Rush Limbaugh is no stranger to litigation. While it’s usually the abrasive radio personality who is facing threats of being sued and/or having his sponsors boycotted by his many detractors, and other non-fans, this time it’s Limbaugh who is on the offense, taking the Democratic Congressional Campaign Committee (DCCC) to task for emails they sent out during the recent elections that Limbaugh says defamed his character.
But Rush is doing more than just calling out the DCCC publicly, the conservative-minded radio talk show host who often refers to himself as “El Rushbo,” could be taking the liberally-minded DCCC to court if they don’t acknowledge and apologize for some things they said in the emails, reports the Washington Post.
A letter sent by legal representatives of Limbaugh to the DCCC states that the DCCC disseminated “false statements” about Rush that they should have “known better” than to disseminate, among other things.
The letter sent on behalf of Rush was scheduled to be delivered to the DCCC on Monday, citing a series of emails that allegedly gave the impression Rush Limbaugh had been condoning rape on college campuses.
The DCCC’s email includes a comment made by Rush during his September 15 airing of the Rush Limbaugh Show. Rush was talking about a new policy at Ohio State University that says students need to get verbal consent if they were going to engage in sexual intercourse. The DCCC took Rush’s commentary and latched onto the one sentence where he said, “How many of you guys. . . have learned that ‘no’ means ‘yes’ if you know how to spot it?” The DCCC suggested that, with this statement, Rush was “advocating for the tolerance of sexual assault.”
Rush Limbaugh’s legal representatives called this a foul and in no uncertain terms demanded a retraction, and a public apology for the “anti-Rush” fundraising e-mails. The letter to the DCCC let be known that Rush planned potential legal proceedings for defamation and business “interference” if the Democratic organization doesn’t meet his demands.
The DCCC offices were reportedly closed for the beginning of the week to honor Veterans Day, so no response to Limbaugh’s legal letter has yet been made.
According to Limbaugh, the DCCC used his comment out of context in their email fundraising attempt. A spokesman for Limbaugh, Brian Glicklich, said in an interview, “We love opinions, but this crossed a very bright line. They lied about his words. They quoted something specific and out of context, and it is a lie.”
While Limbaugh is now on offense, pressing the DCCC to retract and apologize for their emails, it was DCCC chairman and New York representative, Steve Israel, who was on the offensive to start things off.
Using Rush’s comment in at least three widely distributed emails, Israel went after Rush Limbaugh while also soliciting funds.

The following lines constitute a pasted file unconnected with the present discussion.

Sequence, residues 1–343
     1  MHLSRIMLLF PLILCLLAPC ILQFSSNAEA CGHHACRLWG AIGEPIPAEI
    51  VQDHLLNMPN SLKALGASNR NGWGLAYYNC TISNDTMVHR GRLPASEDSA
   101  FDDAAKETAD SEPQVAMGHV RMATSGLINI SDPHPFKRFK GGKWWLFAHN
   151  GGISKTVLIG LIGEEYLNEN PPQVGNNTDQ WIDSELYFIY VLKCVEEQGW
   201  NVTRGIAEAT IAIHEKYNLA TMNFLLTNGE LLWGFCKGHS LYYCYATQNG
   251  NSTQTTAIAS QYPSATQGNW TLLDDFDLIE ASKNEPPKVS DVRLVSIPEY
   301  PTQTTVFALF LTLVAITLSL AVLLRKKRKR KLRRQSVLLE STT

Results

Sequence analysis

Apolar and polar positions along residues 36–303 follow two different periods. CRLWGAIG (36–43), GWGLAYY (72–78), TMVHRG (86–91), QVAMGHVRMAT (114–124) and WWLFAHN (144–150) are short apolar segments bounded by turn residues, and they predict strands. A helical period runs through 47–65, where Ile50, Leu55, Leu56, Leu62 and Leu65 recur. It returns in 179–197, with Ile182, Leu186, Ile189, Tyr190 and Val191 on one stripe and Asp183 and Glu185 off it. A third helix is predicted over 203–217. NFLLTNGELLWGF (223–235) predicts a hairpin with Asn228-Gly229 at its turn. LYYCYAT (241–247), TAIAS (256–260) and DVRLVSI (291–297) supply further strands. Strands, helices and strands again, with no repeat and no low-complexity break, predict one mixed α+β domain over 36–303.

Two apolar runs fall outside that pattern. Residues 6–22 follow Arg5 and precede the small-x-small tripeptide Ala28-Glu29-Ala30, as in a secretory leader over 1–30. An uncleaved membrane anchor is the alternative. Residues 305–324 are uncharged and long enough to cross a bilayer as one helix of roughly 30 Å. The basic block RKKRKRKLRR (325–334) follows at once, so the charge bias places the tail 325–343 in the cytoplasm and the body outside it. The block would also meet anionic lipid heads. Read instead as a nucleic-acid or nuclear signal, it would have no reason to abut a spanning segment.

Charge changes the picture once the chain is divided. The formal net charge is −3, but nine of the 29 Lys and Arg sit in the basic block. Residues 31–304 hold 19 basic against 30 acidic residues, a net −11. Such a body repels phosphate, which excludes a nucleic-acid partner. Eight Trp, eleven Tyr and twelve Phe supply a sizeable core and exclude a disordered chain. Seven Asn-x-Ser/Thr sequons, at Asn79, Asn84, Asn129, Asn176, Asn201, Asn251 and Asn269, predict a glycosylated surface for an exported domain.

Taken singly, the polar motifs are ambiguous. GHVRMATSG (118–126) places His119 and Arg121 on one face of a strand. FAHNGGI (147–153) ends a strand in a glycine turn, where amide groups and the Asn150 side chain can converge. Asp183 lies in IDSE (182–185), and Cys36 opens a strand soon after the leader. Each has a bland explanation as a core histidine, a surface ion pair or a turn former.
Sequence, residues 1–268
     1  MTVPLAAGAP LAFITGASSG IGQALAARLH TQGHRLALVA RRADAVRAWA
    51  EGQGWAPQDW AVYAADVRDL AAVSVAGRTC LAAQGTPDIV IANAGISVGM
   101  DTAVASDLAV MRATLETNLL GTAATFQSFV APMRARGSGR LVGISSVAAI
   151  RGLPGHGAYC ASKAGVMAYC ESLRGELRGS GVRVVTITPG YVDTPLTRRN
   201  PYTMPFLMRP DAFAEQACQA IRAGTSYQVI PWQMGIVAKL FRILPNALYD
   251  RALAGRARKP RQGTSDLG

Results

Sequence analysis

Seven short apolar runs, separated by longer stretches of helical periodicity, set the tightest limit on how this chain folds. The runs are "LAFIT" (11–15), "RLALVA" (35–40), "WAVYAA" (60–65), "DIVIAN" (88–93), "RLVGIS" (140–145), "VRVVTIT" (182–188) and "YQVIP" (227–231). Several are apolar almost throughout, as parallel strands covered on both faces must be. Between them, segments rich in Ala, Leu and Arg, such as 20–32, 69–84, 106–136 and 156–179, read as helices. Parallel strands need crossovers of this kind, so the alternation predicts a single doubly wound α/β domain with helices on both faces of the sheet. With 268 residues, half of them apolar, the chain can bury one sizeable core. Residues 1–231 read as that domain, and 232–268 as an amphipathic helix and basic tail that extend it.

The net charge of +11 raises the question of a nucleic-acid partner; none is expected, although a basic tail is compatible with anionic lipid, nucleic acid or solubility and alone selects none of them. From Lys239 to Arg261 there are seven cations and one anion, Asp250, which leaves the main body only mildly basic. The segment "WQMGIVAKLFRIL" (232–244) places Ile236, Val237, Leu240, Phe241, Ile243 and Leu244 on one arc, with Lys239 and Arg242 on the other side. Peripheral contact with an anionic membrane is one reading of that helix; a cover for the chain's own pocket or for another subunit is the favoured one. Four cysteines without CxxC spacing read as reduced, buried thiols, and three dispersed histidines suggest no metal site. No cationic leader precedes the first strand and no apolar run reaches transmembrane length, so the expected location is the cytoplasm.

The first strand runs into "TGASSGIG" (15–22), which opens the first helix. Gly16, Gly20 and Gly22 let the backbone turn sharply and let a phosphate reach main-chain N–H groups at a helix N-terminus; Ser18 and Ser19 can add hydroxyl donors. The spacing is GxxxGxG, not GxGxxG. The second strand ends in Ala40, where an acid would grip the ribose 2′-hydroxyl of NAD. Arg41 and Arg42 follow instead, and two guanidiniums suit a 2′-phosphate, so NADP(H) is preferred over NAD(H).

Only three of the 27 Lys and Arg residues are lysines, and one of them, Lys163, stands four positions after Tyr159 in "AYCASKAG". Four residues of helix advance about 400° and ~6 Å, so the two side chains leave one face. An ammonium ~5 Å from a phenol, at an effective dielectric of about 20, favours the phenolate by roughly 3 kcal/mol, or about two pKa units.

“There’s simply no excusing comments of this offensive nature, especially at a time where our country is having a long-overdue conversation about violence against women,” wrote Israel in one of the emails. “Plain and simple, Rush Limbaugh is advocating for the tolerance of sexual assault and should be taken off the air immediately.”
Israel also called on email recipients to sign a petition imploring Limbaugh’s advertisers to quit advertising on Limbaugh’s program.
The Limbaugh comment used by Israel and the DCCC was taken from a larger commentary where Rush was pontificating on the Ohio State policy.
“Seduction used to be an art. Now, of course, it’s ‘brutish’ and it’s ‘predatory’ and it’s bad,” Rush said on his program, also quoting the Ohio State policy as saying, “Consent must be freely given, and can be withdrawn anytime, and the absence of ‘no’ does not mean ‘yes.'”
That’s about where the sentence used in the DCCC email came up.
“How many of you guys, in your own experience with women, have learned that ‘no’ means ‘yes’ if you know how to spot it? I’m probably… Let me tell you something, in this modern (world)… that’s not tolerated. People aren’t even going to try to understand that one. It used to be said as a cliche, it used to be part of the advice young boys were given. See, that’s what we’ve got to change. We have got to reprogram the way we raise men. So now… permission every step of the way, clearly spelling out ‘why.’ (Are) these (rules) not lawsuits waiting to happen if even one of these steps is not taken?”
And what does Rush Limbaugh want from the DCCC to make his threat of a lawsuit go away?
An apology and retraction, “every bit as pervasive and widely distributed” as the DCCC’s emails, said Glicklich.
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